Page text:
In a recent article on The Huffington Post, therapist Jean Fain introduces us to a new book by Lesley Kinzel entitled Two Whole Cakes: How to Stop Dieting and Learn to Love Your Body. Fain describes it as a book about fat acceptance and not only calls it “the first book on the subject that’s funny, fascinating and life-changing” but says that it—in addition to Kinzel’s blog—has been a major factor in positively influencing her own perceptions of the fat acceptance movement. States the book’s publisher:

…Lesley Kinzel tells stories, gives advice, and challenges stereotypes about being and feeling fat. Kinzel says no to diet fads and pills, shows by example how to stop hating your body, celebrates self-acceptance at any size, and urges you to finally accept the truth: your body is not a tragedy!

A review found on the blog Feministing:

Her book challenges popular opinion around fatness and obesity, including critiques of The Biggest Loser and Michelle Obama’s childhood obesity campaign. Without a doubt, Kinzel forces readers to unpack lifelong-held beliefs about self-identity, acceptance and, most importantly, the size of jeans you own or the number on the scale. This is an issue that plagues everyone universally– no matter where you lie on the size spectrum. Kinzel’s book is absolutely relatable to anyone that has ever felt insecure about their body or the way they look– so, pretty much everyone.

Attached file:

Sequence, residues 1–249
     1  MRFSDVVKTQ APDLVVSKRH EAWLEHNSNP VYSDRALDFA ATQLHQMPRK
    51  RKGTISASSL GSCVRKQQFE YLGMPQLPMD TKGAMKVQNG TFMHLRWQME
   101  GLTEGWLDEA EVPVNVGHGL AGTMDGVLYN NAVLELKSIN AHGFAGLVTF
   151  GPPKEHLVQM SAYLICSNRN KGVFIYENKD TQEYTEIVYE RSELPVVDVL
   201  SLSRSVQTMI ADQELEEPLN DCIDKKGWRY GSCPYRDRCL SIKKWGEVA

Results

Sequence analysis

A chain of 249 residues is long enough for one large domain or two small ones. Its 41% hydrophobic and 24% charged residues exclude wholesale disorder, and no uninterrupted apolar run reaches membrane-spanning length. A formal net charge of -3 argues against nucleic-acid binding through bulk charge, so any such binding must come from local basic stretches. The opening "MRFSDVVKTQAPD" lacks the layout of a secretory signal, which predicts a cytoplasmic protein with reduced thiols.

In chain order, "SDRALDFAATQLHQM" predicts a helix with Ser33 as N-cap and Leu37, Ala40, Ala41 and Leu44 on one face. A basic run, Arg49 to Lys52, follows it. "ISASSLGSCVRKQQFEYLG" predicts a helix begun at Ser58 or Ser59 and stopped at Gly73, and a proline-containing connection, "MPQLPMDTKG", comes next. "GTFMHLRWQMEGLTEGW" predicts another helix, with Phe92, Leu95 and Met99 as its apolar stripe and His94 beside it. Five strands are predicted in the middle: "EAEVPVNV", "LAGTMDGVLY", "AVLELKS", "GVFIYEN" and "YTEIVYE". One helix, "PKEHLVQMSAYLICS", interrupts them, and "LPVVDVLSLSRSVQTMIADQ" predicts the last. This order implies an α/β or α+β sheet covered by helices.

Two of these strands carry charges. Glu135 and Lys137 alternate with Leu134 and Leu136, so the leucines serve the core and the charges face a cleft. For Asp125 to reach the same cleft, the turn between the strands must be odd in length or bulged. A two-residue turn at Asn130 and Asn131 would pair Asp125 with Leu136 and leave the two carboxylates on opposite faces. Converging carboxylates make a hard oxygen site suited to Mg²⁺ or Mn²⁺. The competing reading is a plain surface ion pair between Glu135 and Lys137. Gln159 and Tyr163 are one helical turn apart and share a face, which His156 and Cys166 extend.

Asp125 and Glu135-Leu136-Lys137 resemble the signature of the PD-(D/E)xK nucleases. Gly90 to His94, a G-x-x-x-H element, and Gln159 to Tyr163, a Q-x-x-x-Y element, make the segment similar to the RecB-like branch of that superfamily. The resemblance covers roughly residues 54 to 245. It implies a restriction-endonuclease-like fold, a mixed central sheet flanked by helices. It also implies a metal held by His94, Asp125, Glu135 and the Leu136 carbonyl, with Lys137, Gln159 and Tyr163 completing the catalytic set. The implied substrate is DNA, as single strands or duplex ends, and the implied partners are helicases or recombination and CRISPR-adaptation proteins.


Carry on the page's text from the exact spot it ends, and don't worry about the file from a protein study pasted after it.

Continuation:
Hanne Blank, author of Big Big Love:

Two Whole Cakes is a vulnerable, funny, whip-smart, incendiary book that offers a delightfully readable way out of our culture’s unrealistic expectations of body size and appearance.